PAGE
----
"We need to keep making sure all children go to school,” says BRCF chief coordinator Ramchandra Chapagai, as Junge visits the forum.

 LWF / Albin Hillert

Ramchandra Chapagai, chief coordinator of the Bhutanese Refugee Children Forum in the Beldangi refugee speaks to Rev. Dr Martin Junge.

“And we also need to work harder to create child-friendly environments, where we can all feel safe and be well,” Chapagai adds.

Contribute to society

In cooperation with the UNHCR, the LWF helps promote refugees’ access to local services and markets in the Jhapa and Morang districts. While refugees cannot currently hold public jobs or positions in Nepal, work in the private sector helps support many to earn an income, and to also contribute to Nepal society.

“Although many challenges remain in reducing the vulnerability of the refugees in Nepal society, it is deeply encouraging to see the pragmatic approach taken by the local host community, so all children can access schools in Damak and receive an education, for example,” says Junge.

Meeting with Prime Minister Rt Hon. Mr K.P. Sharma Oli on 16 September, Junge then urged Nepal’s national leadership to help find dignified and durable solutions for the Bhutanese refugees.

 LWF / Albin Hillert

Rev. Dr Martin Junge meets with Prime Minister Rt Hon. Mr K.P. Sharma Oli on 16 September.

While the prime minister affirmed the valuable work of the LWF in the country for the past three decades, Junge urged, “We will be awaiting your direction to durably respond to the situation of the remaining Bhutanese refugees, and are ready to step up our support as necessary.”

Delicate democratic transition

Since Nepal established a new constitution in 2015, the country has been in transition into a federal system of governance, with central, provincial and local government structures established and under development.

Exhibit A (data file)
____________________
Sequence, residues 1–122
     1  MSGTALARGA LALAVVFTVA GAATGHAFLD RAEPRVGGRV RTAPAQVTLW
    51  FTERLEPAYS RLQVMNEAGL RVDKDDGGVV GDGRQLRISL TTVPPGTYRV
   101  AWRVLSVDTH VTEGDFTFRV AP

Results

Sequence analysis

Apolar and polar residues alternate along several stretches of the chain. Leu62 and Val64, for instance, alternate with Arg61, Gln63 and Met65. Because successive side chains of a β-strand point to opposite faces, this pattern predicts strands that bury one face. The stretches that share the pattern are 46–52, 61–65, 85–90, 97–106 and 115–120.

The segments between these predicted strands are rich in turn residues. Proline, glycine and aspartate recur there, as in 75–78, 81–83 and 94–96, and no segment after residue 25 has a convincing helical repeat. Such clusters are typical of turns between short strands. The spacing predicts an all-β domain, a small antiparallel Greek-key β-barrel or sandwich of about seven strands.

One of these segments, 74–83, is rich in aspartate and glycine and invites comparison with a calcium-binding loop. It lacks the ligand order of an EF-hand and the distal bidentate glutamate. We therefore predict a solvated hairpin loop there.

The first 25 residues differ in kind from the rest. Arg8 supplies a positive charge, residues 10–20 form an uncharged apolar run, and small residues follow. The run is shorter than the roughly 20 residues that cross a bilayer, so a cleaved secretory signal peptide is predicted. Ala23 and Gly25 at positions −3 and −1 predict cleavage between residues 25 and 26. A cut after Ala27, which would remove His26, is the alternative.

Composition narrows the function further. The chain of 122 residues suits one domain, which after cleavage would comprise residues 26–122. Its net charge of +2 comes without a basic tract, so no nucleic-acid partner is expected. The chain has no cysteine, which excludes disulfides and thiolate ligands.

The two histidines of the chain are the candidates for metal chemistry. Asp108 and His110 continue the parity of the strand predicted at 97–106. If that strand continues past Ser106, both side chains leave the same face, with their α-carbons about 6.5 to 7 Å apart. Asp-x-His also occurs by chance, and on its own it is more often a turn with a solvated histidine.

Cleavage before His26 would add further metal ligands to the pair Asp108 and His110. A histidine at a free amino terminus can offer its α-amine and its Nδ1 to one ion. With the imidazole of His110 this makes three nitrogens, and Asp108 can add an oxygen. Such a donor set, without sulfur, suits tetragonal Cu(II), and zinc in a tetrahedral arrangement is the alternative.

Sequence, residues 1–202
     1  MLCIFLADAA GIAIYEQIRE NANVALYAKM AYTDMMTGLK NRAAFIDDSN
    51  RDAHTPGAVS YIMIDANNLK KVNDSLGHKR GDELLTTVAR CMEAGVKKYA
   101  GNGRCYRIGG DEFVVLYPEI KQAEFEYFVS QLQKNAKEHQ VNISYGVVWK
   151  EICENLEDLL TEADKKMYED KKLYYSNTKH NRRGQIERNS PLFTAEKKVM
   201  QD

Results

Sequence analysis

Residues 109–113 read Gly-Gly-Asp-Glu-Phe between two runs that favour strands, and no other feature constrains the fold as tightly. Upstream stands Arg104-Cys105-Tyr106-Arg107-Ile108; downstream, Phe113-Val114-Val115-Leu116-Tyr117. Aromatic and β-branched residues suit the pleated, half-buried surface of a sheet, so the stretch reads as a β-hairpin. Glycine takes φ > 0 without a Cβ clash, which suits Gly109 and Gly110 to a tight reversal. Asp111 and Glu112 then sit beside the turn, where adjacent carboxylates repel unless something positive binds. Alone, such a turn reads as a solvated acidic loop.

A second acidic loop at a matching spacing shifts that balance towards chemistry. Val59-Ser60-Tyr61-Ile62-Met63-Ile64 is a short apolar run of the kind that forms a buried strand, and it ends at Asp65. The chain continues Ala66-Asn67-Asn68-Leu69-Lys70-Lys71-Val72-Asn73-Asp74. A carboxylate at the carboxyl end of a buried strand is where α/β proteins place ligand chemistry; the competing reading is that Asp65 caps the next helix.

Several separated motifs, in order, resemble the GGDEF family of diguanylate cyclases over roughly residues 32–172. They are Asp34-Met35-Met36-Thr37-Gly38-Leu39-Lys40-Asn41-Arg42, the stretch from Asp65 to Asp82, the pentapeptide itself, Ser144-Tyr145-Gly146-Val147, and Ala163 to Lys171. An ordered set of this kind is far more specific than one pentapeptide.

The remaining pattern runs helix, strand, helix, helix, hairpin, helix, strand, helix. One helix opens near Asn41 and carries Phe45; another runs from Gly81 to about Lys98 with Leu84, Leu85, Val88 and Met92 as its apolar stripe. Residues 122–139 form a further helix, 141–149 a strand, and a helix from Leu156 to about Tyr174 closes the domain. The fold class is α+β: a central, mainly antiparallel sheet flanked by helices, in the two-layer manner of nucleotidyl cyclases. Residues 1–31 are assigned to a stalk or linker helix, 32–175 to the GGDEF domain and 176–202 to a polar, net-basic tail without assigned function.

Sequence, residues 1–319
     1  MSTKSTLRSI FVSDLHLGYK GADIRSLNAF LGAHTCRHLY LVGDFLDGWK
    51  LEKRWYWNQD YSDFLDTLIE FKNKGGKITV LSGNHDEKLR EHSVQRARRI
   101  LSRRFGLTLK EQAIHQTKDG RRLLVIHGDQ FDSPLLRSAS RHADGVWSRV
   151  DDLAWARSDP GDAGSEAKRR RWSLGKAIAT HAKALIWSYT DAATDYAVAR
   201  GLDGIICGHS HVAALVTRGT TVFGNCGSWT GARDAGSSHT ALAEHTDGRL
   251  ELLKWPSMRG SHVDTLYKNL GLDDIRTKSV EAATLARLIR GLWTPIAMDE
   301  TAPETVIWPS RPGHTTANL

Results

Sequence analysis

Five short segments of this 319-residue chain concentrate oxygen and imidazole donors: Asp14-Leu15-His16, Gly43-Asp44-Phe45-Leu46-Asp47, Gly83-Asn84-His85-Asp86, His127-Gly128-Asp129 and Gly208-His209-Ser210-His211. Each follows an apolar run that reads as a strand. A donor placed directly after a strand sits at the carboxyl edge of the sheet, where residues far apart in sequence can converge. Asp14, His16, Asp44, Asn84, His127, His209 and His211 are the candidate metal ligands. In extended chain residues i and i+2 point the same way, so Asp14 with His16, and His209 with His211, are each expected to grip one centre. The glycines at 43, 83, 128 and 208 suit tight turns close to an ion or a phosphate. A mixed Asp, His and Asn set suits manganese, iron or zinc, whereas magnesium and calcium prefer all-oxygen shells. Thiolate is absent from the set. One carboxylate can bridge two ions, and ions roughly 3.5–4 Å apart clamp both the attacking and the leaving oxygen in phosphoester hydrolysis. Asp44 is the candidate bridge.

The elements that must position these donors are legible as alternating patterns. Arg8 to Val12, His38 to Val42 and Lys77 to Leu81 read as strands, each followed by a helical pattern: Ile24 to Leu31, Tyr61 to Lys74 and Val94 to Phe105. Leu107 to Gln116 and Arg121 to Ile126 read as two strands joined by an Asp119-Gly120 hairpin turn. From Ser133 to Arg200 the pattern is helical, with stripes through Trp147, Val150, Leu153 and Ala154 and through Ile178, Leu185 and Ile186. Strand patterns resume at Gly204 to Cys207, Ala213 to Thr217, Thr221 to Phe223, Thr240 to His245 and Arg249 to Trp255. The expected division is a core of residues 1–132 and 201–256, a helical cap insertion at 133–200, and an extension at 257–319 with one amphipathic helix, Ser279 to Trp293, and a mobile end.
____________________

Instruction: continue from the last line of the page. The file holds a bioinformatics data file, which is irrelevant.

Though expectations on the new system are high, with governance coming closer to the people, challenges remain in establishing and consolidating legislation, discerning the division of responsibilities between local and federal structures, and in establishing a fiscal system that allows the respective levels of government to function effectively.

“I believe Nepal is at a critical juncture,” says Junge, “where either federalism fulfils its potential and all is well, or the transition fails and the huge expectations of the population to see their challenges addressed are disappointed. This would be a difficult scenario.”

“If you look at the statistics of the past decade, you will see many disparities,” adds Dr Prabin Manandhar, LWF country director for Nepal. “It is a challenge and an opportunity to bridge these gaps,” Manandhar adds.

Serve his country

 LWF / Albin Hillert

“I want to take off like a bird, I want to serve my country, I want to be somebody,” exclaims a young Bhutanese man in the Beldangi refugee camp.

“I remember a young person saying that he wants to fly, he wants to take off like a bird, he wants to serve his country, he wants to be somebody,” Junge recalls. “And I think as long as people speak like that, I have little doubt that something good will happen."

 

Contribution by: LWF/ Albin Hillert

 

Photos from the Nepal visit

LWF Nepal Program

Nepal Evangelical Lutheran Church web site

 

Related News